Titan Wind Turbine Platform
                      By    James E. Ingle P.E.

Wind turbine foundations using piles driven into the ocean floor have been used to support wind
turbines in shallow waters but these structures present many problems as the water depth
increases. The Titan Wind Turbine Platform was created to economically support a single wind
turbine in water depths greater than approximately six fathoms (48 feet). By using proven design
methods for designing jack-up drilling rigs and using newly patented jacking technology the Titan
Wind Turbine Platform was designed to incorporate many advantages.

Since the Titan Wind Turbine Platform is capable of floating with the wind turbine installed on the
platform and the legs retracted, the platform and wind turbine may be completely assembled and
tested at the shipyard where the unit has been constructed. Then it can be towed to the
predetermined location and put into service. During the transportation phase the platform must act as
a barge or ship and must be designed to have adequate stability while floating with the legs in the
raised position.

The shape of the hull is designed to provide stability by having the floatation compartments located at
the ends of each leg of the “Y” shaped hull. The trusses near the center of the platform provide an
economical structure to connect the buoyancy compartments and support the wind turbine. The size
of the hull is designed to provide sufficient righting arm for stability. Transporting the platform during
high waves and wind requires the metacentric height of the floating platform with the wind turbine to
be higher than the center of gravity of the unit, therefore providing sufficient righting arm moments to
keep the platform upright.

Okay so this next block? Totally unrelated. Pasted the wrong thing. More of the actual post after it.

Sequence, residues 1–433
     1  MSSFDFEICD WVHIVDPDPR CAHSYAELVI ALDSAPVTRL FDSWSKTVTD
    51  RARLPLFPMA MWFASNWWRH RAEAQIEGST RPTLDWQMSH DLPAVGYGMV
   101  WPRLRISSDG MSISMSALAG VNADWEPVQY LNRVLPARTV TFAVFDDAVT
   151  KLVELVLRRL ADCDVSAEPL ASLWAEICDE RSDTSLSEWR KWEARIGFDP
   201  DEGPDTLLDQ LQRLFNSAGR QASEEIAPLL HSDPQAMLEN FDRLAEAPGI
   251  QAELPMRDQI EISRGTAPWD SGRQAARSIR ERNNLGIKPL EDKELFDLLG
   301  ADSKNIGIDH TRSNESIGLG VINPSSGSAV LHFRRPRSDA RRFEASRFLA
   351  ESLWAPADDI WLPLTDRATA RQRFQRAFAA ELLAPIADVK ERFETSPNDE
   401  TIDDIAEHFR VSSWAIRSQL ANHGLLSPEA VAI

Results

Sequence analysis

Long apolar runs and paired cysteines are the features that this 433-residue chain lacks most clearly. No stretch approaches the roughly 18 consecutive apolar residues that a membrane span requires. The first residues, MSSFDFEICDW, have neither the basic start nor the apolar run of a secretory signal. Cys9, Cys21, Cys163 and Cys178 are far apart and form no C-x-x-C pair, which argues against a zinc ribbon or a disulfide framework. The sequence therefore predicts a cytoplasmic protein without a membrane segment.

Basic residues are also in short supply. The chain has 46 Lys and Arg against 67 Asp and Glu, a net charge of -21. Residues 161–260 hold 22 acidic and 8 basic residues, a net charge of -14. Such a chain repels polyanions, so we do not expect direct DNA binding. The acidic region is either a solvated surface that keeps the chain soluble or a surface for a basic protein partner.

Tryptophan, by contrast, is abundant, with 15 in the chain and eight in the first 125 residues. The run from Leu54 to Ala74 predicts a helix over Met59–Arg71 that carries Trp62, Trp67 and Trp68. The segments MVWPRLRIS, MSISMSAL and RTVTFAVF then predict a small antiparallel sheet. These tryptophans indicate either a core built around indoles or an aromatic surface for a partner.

After transporting the platform to the desired location, the footings are flooded and the legs are
lowered to the sea floor. The platform is then raised a few feet above the water surface and the
preload tanks filled with water. This preloading of the footings provides a vertical force on the footings
which is greater than any load generated by wind on the platform and wind turbine, waves and
current. The footings are spread apart to provide sufficient stability from overturning of the platform
during high wind, wave and current. When the footings have been preloaded, the fins on the bottom of
the footings are immersed into the sea floor. These fins provide resisting forces to keep the platform
from moving laterally.

The shape and size of the footings is very important. If the footings are too small, the footings will
penetrate too far into weaker soils. If the footings are too large, the footings will not penetrate into the
sea floor far enough to provide sufficient lateral resistance to keep the platform stationary. The size of
the footings for the Titan Wind Turbine Platform has been determined from experience in designing
footings for jack-up drilling rigs and is the proper size to function properly in most sea floor soils. After
preloading the footings, the platform is raised to the desired elevation. This elevation places the
bottom of the hull above any wave height for this location. The location of the footings and the weight
of the platform and turbine provide sufficient stabilizing forces against the overturning forces to keep
the platform from overturning.

One of the advantages of the Titan Wind Turbine Platform is that it can be moved to another site. Or, if
the wind turbine requires major repairs the legs of the platform may be raised and the platform may
be towed to a dock or repair yard. After the necessary repairs are made, the platform can be returned
to its previous location or towed to another location. Therefore, expensive crane barges to facilitate
repairs at sea are eliminated.

Wind turbine locations in shallow water are usually close to land and highly visible from land. The
Titan Wind Turbine Platform is designed for deeper water depths and is  intended to be located
further out to sea. Therefore, they are less visible to  people on shore. If the platform is placed about
six miles from shore the curvature of the earth hides the platform and the tips of the wind turbine
blades would be practically invisible.

The hull design shall conform to the standards of the American Bureau of Shipping and, as
demonstrated by jack-up drilling rigs, have a life span of over twenty-five years. The life span of wind
turbines is reported to be approximately the same length of time making the design compatible.

Since energy from wind turbines is a renewable power source, and because fossil fuels are
becoming more expensive to obtain, energy from wind turbines will be in greater demand,. The Titan
Wind Turbine Platform has many advantages over shallow water wind turbine platforms and can be
located on larger areas of the earth.
2004 ASME-IPTI / OTC Woelfel Award for Mechanical Design
Jim Ingle (R) , Douglas Hines (CTR)
Offshore Wind Power Systems
of Texas llc